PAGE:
Celebrating a Legend of Hebrew Literature

YU’s Center for Israel Studies Convenes Conference to Mark 50th Anniversary of S.Y. Agnon’s Nobel Prize

The Yeshiva University Center for Israel Studies will host a conference on the works and influence of Nobel Prize-winning Israeli author S.Y. Agnon in commemoration of the 50th anniversary of his award. Titled “Agnon’s Stories of the Land of Israel: Celebrating the 50th Anniversary of S.Y. Agnon’s Nobel Prize,” the conference will take place on Monday, October 31, 2016 on the University’s Wilf Campus in Furst Hall, Room 535, 500 West 185th Street, New York, NY 10033.

Renowned Israeli author S.Y. Agnon accepts the Nobel Prize in Literature in 1966
Renowned Israeli author S.Y. Agnon accepts the Nobel Prize in Literature in 1966.

The lectures will situate Agnon’s work in the context of his birthplace in Buchach, his adopted home in Jerusalem during the British mandate and early Israel, and the literary culture of his time.

Co-sponsored by Agnon House, Jerusalem and the Bernard Revel Graduate School of Jewish Studies, the conference will feature renowned scholars.

Convened by Rabbi Shalom Carmy, assistant professor of Bible and Jewish philosophy, and Rabbi Jeffrey Saks ’91YC ’93BR ’95R, Agnon scholar and director of the Academy for Torah Initiatives and Directions, other speakers at the event include: Dr. Zafrira Livodsky-Cohen, professor of Hebrew and director of Hebrew language and literature; Dr. Steven Fine, the Dean Pinkhos Churgin Professor of Jewish History and director of the Center for Israel Studies at YU; Dr. Avraham Holtz, Simon H. Fabian Professor Emeritus of Hebrew Literature at the Jewish Theological Seminary (JTS); Alan Mintz, Chana Kekst Professor of Hebrew Literature at JTS; and Dr. Wendy Zierler, Sigmund Falk Professor of Modern Jewish Literature and Feminist Studies at Hebrew Union College-Jewish Institute of Religion.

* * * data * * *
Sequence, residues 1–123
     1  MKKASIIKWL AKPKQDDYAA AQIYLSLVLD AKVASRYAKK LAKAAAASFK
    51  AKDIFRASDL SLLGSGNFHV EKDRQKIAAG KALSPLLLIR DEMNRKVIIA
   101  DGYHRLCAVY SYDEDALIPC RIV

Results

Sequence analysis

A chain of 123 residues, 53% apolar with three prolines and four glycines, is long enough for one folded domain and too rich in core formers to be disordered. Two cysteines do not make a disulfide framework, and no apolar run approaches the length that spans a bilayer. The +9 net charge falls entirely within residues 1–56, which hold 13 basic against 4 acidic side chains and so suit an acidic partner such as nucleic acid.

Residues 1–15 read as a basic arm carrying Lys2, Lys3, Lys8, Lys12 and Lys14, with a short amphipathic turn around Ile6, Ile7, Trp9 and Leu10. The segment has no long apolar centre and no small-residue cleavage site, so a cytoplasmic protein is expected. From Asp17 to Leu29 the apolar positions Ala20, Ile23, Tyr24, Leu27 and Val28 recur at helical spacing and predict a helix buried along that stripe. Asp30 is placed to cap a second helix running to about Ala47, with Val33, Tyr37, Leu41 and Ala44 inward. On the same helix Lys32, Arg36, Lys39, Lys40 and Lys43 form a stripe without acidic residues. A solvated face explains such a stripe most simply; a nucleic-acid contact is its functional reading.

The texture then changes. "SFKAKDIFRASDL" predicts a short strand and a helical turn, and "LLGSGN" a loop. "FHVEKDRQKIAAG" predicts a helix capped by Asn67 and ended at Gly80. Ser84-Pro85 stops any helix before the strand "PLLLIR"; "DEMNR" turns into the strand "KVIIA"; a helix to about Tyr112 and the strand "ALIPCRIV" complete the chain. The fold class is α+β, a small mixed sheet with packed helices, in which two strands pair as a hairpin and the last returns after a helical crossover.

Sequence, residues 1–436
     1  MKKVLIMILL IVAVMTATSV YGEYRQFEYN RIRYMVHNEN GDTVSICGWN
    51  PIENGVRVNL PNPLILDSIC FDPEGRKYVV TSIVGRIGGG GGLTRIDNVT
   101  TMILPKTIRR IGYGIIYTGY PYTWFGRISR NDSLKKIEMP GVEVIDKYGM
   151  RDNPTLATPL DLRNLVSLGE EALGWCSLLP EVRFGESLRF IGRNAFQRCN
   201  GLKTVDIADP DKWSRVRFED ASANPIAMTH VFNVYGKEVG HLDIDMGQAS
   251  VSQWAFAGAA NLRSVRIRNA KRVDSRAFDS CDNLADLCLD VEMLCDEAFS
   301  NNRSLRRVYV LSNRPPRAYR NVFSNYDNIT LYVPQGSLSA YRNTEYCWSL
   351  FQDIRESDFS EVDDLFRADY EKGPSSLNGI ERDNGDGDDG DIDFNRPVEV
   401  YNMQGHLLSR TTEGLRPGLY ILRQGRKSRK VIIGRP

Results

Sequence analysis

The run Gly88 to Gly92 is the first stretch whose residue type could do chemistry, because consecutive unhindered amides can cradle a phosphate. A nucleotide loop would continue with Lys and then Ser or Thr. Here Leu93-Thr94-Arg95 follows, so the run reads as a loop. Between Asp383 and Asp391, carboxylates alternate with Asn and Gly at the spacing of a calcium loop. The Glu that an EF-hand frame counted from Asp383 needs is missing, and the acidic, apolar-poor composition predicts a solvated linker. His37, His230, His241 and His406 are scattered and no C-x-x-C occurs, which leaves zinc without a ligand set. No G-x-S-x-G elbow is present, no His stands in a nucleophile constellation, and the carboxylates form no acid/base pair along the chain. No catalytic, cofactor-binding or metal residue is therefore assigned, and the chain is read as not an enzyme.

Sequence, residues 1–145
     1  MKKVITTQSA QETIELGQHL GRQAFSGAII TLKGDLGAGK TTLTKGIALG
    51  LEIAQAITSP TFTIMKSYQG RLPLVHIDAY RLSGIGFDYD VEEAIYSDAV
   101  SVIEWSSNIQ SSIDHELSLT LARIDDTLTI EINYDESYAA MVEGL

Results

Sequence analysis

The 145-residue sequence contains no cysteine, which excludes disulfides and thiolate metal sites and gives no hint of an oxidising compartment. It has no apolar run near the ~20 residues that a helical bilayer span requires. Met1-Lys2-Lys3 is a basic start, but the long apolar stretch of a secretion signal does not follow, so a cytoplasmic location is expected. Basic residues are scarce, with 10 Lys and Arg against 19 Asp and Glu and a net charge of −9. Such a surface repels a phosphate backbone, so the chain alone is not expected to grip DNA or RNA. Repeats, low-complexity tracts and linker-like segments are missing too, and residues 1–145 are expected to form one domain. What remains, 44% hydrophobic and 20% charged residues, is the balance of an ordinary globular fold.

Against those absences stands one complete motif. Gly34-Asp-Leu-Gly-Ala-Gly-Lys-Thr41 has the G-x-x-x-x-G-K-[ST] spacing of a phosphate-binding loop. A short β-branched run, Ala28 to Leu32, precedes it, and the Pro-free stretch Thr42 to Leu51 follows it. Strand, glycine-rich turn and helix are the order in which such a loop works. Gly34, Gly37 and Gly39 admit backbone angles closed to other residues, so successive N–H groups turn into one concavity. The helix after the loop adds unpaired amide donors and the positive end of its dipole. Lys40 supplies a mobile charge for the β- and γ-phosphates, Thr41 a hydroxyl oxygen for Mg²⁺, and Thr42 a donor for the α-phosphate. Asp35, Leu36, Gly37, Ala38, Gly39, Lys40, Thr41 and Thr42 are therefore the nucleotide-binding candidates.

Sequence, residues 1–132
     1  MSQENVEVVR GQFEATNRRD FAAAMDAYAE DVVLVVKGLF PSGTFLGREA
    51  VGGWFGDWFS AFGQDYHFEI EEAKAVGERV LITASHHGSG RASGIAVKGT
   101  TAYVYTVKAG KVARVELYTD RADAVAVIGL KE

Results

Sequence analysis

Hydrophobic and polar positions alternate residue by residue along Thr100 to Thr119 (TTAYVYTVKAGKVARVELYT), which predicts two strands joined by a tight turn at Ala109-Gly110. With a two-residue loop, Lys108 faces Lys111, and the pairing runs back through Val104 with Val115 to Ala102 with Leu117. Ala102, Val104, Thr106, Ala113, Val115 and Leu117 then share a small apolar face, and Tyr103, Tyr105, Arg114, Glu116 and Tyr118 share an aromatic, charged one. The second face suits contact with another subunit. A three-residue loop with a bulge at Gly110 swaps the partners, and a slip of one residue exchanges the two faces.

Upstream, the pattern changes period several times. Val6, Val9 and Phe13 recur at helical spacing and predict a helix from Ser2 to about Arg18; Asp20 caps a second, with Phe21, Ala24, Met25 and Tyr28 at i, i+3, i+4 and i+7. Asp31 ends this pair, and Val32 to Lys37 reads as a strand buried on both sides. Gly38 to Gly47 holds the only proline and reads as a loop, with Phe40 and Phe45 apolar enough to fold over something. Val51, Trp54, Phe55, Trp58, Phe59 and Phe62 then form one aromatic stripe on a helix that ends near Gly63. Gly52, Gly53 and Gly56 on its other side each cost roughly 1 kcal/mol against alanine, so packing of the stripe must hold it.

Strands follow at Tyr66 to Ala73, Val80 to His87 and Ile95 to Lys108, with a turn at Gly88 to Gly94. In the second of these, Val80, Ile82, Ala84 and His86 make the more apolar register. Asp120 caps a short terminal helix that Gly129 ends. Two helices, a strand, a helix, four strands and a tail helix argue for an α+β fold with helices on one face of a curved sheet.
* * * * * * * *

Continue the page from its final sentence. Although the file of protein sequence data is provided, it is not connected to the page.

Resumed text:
“Agnon was creative in an extraordinary variety of literary forms,” said Carmy. “In addition to his fiction, he produced anthologies of Torah and chronicles of East European life, all this as the great impresario of the Hebrew language in all its classical layers that made him virtually untranslatable. In recent years, a flurry of attractive and accessible English translations, spearheaded by the work of Jeffrey Saks, has made him available to new audiences.”

He added, “With the passage of time and increase in critical sophistication, one grows more appreciative of Agnon’s religious preoccupations. Although he abstained from philosophical theorizing, he had a profound understanding of the breakdown of traditional religious life and its horrific consequences. If YU hopes to address the present spiritual and religious crisis at its deepest level, his is one of the voices we must engage with.”

“Agnon’s writings reach to the heart of YU—his rich Hebrew, his themes, his ties  to both Eastern Europe and  Eretz Yisrael and his deep and creative engagement with Jewish life and literature across the ages,” said Fine. “Agnon rightly received an honorary doctorate from YU in 1967.  We are thrilled once again to celebrate his life and work, this 50 years since his Nobel moment.”

The conference is organized by the Center for Israel Studies and its Joseph and Faye Glatt Program on Israel and the Rule of Law. For more information, visit http://yu.edu/cis/activities/conferences/.